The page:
How to Develop Audience Personas for Your Nonprofit

[Part 5 in a Series on Launching a Content Marketing Program]

Who is your content meant to reach? When you craft content to support a campaign or program, do you have a specific person in mind or do you write to a general audience?

Writing to a general audience – in hopes of capturing as many supporters as possible – will yield lackluster results. As the saying goes, if you try to matter to everyone, you will end up mattering to no one. In order to reach the people who need to hear your message, you must understand them as much as possible. You need to develop audience personas.

What is an audience persona?

Creating content takes considerable time and effort. An audience persona is a tool to help you answer “who” you are addressing in your marketing.

A persona is a composite sketch of a segment of your audience that assists you with tailoring messaging and building engagement that results in a mutually beneficial relationship.

Audience personas better enable you to resonate and engage with those people who need to hear your message. Your messaging will be most effective when you empathize with your audience and connect the dots between what your organization offers and their interests, motivations, and challenges.

The use of audience personas reminds you to view your content through the eyes of people who matter – which improves the quality of every piece of content you create.

One of my favorite marketing quotes is from author and copywriter Robert Collier. It’s a bit of old school wisdom from the early twentieth century. Collier said, “Always enter the conversation taking place in the customer’s mind.” Meaning, you don’t have to reinvent the wheel with your content. If you have well-defined audience personas, you just tap into the thoughts already going on in their heads.

You will need to create an audience persona for every segment for whom you create content. Think about all the different groups you reach, such as donors, volunteers, members, participants, students, patrons, and board members, among others. Each of these groups has different needs, desires, and motivators, and each needs a persona.

Creating audience personas for your nonprofit

Content Marketing Institute teaches an easy method for building audience personas. I will apply their method to the nonprofit sector.

WHO is the persona?

Scratch the surface with demographics (e.g., age, gender, ethnicity, religion, location, education, career, family, socioeconomic status.) Give this persona a first name and photo to keep her top-of-mind when developing content.

WHAT roles does she play?

What does her typical day look like? What are her interests, hobbies, values, dreams, goals, and passions?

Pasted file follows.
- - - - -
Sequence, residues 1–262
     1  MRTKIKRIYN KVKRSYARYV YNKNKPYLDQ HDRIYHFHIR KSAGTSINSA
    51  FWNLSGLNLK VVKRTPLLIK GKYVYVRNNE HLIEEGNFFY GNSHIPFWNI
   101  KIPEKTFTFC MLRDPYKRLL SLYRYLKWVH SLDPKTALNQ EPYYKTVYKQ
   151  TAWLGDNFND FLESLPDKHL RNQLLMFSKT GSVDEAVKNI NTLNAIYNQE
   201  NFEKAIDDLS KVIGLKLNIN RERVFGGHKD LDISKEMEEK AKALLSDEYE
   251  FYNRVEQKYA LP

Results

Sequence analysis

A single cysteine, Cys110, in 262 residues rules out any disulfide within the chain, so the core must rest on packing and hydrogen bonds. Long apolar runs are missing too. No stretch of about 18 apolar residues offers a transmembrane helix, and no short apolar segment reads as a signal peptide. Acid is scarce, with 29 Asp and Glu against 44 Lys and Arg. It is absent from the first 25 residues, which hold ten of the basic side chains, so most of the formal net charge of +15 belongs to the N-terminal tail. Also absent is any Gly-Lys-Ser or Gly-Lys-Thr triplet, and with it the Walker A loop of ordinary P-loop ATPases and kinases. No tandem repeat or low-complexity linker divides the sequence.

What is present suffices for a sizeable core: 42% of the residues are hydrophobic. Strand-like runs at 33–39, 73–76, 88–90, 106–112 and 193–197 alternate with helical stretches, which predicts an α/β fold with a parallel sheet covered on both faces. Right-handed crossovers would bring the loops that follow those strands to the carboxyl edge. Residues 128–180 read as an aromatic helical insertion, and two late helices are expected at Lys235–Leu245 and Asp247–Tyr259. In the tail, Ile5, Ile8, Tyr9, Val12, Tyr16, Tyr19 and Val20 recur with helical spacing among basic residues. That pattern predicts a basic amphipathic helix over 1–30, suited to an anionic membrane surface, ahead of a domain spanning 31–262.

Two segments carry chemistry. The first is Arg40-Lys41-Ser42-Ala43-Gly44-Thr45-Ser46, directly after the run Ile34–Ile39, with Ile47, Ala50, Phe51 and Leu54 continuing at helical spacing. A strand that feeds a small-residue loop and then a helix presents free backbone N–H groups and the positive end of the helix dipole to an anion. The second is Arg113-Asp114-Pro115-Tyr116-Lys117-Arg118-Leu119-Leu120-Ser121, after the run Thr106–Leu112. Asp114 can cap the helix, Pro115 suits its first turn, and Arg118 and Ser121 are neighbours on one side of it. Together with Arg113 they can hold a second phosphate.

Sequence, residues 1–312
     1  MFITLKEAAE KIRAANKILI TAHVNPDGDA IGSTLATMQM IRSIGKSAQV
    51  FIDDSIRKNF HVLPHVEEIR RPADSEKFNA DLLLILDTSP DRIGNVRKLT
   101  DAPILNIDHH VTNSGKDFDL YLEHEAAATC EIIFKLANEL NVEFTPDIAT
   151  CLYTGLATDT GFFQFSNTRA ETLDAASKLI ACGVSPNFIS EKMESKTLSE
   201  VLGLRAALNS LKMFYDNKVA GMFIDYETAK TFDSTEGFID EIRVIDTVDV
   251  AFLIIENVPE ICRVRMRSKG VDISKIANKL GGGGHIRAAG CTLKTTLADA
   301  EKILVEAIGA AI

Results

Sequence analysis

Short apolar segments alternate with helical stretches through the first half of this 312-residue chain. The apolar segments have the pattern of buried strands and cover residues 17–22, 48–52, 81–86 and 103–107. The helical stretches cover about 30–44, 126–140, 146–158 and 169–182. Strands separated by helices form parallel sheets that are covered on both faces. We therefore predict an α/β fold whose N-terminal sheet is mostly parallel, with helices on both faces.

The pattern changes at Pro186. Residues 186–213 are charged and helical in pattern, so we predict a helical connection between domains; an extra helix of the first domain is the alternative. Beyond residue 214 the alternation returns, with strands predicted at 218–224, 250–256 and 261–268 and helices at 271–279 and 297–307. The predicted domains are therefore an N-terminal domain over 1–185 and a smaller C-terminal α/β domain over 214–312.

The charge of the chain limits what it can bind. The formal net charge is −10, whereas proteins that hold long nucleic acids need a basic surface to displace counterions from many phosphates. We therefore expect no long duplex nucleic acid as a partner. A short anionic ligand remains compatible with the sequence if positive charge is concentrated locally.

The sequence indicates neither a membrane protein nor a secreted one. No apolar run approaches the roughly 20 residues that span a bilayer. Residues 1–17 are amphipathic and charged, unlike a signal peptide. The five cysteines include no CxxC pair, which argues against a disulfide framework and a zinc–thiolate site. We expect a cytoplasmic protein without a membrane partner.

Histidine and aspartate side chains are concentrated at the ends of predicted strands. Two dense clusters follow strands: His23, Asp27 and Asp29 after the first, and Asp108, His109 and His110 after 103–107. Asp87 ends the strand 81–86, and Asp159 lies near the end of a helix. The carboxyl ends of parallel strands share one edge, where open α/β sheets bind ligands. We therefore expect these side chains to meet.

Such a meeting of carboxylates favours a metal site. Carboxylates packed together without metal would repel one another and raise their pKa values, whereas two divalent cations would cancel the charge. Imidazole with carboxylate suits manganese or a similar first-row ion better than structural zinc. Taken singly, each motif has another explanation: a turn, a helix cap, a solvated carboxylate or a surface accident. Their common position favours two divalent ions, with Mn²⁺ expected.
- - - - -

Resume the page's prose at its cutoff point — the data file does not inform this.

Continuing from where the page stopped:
WHERE is there a gap in her needs/wants?

What keeps her up at night? How is she trying to create a meaningful life? What motivates her? What are her pain points and challenges?

WHEN does she need to close this gap?

What needs to happen in order to earn her trust? What might be some hurdles to overcome to bring her closer to your organization?

WHY would she care about your organization?

Why would you matter to her? Are other organizations with similar missions also engaging her? What kinds of content would interest her? What calls-to-action would she be most likely to complete?

Examples of Audience Personas

Here are a couple good examples for you. You’ll see that there is no one right way to create a persona.

10 Examples of Detailed Content Marketing Personas

What Does a Great Buyer Persona Look Like? Dissecting 3 Real-Life Examples

Keep in mind that your audience personas do not need to be perfect from the get-go; you can always modify them. Be sure to document the personas and share them with your content creators so that they know to whom they are writing and engaging.

This was Part 5 in a series on Developing a Content Marketing Program.

Part 1 explains what content marketing is and why you should develop a content marketing program.

Part 2 drives home the need for a content marketing program by showing you 5 big mistakes you might be making with your content.

Part 3 gives you the tools you need to write your content marketing mission statement.

Part 4 describes how an argument transforms a pile of facts into an engaging story and how to find YOUR story.

Part 5 helps you develop audience personas to better enable you to resonate and engage with those people who need to hear your message.